High glyphosate prices: Bayer feels the Monsanto boost

Dhe pharmaceutical and agrochemical group Bayer is benefiting from high prices for its weed killer glyphosate. Also because there have been delivery bottlenecks from manufacturers in China, for example, the Dax group expects an average price for the herbicide this year that will be two and a half times higher than it was at the beginning of 2021. Although prices fell in the third quarter compared to the first half of the year, sales of herbicides still increased by 45 percent compared to the same quarter last year. “We are now seeing a certain normalization after seeing peak prices at the beginning of the year,” Bayer CEO Werner Baumann said in a conference call on Tuesday.

The weed killer Roundup containing glyphosate is by far Bayer’s most important product in this area Monsanto. Precisely because glyphosate is a particularly profitable product for Bayer, the high sales prices are also driving earnings.

Farmers return their seeds

The agricultural division was able to increase its adjusted earnings before interest, taxes, depreciation and amortization (Ebitda) in the third quarter by a good third to 629 million euros, although there was a drop in sales in the seed business because many farmers in North America returned their orders . Farmers order their seeds at the beginning of the year, but depending on the weather, demand and yield situation, the area under cultivation changes over the course of the year and thus also the amount sown – which is why there are often returns in autumn. Nevertheless, according to Baumann, Bayer was able to increase its market share in corn – the most important crop for Bayer – compared to the competition, but there was a slight loss in market share in the soybean seed business.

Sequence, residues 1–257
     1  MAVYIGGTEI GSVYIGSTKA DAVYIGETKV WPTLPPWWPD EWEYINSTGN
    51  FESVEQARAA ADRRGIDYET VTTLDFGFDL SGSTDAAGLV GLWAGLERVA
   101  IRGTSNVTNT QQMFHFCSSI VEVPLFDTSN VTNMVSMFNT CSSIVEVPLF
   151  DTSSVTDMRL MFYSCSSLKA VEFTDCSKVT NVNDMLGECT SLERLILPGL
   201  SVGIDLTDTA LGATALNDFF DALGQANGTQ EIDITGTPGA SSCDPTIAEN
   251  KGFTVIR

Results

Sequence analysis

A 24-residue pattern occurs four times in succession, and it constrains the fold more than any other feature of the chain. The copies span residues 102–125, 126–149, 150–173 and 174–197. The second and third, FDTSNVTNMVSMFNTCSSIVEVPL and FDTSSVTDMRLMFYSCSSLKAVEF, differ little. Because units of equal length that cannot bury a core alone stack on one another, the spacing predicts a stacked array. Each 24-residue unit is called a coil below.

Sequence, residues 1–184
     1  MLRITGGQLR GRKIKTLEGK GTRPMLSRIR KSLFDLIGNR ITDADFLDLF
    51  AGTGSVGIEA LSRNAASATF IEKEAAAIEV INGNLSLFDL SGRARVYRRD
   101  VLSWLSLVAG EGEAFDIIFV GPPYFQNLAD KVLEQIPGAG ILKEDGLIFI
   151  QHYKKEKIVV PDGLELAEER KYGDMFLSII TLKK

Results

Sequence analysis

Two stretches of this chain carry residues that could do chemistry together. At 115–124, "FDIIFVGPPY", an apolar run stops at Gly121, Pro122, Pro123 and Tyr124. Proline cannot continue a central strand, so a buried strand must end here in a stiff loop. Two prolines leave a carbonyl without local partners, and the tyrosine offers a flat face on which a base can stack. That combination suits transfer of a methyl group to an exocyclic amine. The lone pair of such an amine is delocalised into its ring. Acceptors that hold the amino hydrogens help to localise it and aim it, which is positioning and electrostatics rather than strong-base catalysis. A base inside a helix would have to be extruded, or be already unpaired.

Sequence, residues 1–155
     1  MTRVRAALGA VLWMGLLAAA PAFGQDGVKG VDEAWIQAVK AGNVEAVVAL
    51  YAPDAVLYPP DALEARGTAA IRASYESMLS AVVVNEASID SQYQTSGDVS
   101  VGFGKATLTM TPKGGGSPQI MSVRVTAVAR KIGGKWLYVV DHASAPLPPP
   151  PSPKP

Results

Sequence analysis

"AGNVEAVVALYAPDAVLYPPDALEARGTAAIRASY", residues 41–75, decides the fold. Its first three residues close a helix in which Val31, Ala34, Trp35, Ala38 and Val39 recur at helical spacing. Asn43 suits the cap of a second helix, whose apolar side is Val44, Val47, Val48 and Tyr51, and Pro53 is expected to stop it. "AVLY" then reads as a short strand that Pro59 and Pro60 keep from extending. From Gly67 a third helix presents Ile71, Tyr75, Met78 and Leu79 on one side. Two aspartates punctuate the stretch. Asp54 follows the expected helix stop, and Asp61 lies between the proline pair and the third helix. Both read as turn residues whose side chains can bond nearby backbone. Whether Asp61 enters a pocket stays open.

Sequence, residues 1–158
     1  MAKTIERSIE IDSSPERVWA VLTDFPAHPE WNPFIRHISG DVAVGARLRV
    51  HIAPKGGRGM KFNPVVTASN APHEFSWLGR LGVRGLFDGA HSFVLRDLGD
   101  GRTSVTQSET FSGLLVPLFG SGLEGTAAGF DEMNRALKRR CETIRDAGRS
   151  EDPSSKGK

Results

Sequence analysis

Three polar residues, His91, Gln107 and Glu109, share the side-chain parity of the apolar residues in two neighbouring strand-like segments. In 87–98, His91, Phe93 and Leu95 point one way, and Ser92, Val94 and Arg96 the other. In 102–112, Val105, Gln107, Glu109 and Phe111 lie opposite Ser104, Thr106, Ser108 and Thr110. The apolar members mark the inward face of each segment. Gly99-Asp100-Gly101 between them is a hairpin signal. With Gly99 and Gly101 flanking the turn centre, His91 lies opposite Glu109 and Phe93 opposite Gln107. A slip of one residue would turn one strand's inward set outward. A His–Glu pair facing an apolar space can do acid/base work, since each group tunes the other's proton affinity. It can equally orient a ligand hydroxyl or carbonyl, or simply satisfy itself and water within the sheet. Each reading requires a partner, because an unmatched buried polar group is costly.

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For detailed view

But even if the high price level is slowly returning to normal, there are still great long-term sales opportunities for the agricultural division, argued Baumann. As a result of climate change, for example, there are significantly longer and stronger dry seasons, not only in America and southern Europe. “The agricultural industry must react to this with innovations,” said Baumann, for example with seeds that can cope with less water, have a different pest resistance or offer the same yields on less acreage. “This is a major challenge for farmers,” said Baumann.

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